Police Want to Question Man About Unusual Escape
Aug. 04, 1986
BERLIN (AP) _ West Berlin police said Monday they want to question Heinz Braun about his statement that he fled the East by driving through a wall crossing with mannequins dressed as Soviet army officers, but they can't find him.
Braun, 48, told a West Berlin news conference last Friday that he bluffed his way through a Berlin Wall crossing two days earlier in a station wagon painted to resemble a standard Soviet military patrol vehicle. He said he was dressed as a Soviet sergeant and had three mannequins in the car disguised as Soviet officers.
There has been no independent confirmation of the escape, and West German media have speculated about the truth of his story.
Police spokesman Dieter Piete said in a telephone interview that authorities originally wanted to question Braun because it is illegal for a German to wear the uniform of one of the Allied powers in the divided city. He said they also would ask him about the escape itself.
''Right now I must leave it completely open as to whether it is true,'' Piete said. ''I hope I know after the interrogation.''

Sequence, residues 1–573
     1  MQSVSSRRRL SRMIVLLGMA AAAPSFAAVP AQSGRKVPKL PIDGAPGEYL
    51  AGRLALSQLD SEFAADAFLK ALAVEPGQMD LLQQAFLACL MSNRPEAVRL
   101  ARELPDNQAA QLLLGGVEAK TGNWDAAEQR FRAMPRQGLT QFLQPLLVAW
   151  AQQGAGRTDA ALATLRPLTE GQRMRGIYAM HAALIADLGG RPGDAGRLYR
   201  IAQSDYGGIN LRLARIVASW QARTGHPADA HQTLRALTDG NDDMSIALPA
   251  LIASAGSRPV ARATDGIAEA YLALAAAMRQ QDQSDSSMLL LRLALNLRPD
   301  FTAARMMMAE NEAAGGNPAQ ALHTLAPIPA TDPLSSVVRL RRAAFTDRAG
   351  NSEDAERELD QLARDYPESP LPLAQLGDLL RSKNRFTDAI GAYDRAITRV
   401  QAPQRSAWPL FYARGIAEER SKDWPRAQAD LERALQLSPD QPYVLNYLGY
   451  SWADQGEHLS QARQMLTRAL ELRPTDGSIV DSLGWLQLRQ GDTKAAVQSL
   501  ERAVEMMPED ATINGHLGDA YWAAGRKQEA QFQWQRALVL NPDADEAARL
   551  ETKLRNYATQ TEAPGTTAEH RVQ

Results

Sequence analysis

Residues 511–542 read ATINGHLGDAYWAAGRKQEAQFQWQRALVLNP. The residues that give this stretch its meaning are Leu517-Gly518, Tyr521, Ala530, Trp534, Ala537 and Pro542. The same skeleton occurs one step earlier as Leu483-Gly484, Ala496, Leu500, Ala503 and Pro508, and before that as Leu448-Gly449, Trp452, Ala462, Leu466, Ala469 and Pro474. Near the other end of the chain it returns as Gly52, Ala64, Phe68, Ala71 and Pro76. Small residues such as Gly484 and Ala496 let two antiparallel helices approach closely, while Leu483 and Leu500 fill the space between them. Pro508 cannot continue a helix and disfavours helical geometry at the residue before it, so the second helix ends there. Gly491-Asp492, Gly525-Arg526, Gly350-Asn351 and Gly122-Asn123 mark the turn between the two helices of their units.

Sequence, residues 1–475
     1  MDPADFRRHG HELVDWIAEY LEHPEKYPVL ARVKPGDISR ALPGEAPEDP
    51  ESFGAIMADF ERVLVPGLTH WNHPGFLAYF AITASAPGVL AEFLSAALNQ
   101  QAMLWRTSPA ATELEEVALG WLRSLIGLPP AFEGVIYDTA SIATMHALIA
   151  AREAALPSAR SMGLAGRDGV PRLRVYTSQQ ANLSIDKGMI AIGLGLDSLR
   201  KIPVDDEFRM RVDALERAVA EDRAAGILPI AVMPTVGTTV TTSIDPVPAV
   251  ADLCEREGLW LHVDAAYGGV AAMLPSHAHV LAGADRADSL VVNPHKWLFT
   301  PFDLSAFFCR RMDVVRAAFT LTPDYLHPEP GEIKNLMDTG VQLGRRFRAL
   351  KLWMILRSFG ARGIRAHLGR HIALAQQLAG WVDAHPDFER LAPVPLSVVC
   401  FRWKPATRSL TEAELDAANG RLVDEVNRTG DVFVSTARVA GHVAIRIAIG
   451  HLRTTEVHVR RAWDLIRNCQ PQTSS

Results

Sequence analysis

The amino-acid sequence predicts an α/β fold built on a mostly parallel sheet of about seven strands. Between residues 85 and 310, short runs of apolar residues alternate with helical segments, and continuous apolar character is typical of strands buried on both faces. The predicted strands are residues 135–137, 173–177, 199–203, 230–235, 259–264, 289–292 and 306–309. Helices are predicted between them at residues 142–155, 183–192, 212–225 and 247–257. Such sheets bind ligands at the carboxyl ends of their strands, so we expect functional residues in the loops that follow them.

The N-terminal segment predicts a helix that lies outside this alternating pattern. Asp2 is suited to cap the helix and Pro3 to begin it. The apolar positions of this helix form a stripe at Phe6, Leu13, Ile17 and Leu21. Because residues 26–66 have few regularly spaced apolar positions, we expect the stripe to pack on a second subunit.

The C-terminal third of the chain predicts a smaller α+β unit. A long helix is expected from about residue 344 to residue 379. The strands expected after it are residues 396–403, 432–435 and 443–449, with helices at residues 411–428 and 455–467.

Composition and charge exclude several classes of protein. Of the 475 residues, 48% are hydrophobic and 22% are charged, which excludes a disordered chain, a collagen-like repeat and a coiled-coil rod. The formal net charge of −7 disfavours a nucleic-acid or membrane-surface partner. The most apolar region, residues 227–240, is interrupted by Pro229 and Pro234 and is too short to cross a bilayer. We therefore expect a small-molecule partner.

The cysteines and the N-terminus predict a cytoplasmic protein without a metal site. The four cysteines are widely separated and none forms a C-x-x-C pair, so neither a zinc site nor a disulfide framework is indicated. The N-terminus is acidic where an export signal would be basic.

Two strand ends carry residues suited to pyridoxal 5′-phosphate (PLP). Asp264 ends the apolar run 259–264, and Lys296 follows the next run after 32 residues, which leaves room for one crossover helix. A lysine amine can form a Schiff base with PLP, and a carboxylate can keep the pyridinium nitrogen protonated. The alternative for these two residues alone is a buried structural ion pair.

He said police had a West Berlin address for Braun but had not found him there.
Wolfgang Quasner, a West Berliner who says he assisted in the escape, said he did not know Braun's whereabouts on Monday.
Quasner and Braun did not display film or photographs of the escape at the news conference sponsored by the August 13 Working Group, a human rights organization that is named for the date the wall was built in 1961 and has provided accurate information about escapes in the past.
A film broadcast by the West Berlin's television station Sender Freies Berlin showed Braun driving the repainted station wagon in West Berlin, but did not show the escape.
Representatives of the Allied powers in West Berlin questioned Braun over the weekend, said Rainer Hildebrandt, a spokesman for the August 13 group who attended the news conference Friday. He said he did not know where Braun was on Monday.
Hildebrandt said he hoped for a statement from both West Berlin police and the Allies on the escape.
A spokesman for the U.S. mission in West Berlin, Ed Harper, refused comment.
East Germany's communist government has Braun's story a ''swindler's tale.''
Soviet military patrols pass through wall crossings freely as representatives of the Allied powers governing Berlin under postwar occupation agreements, as do U.S., British and French patrols.
East Berlin is the Soviet-occupied zone of the city. The U.S., British and French zones make up West Berlin.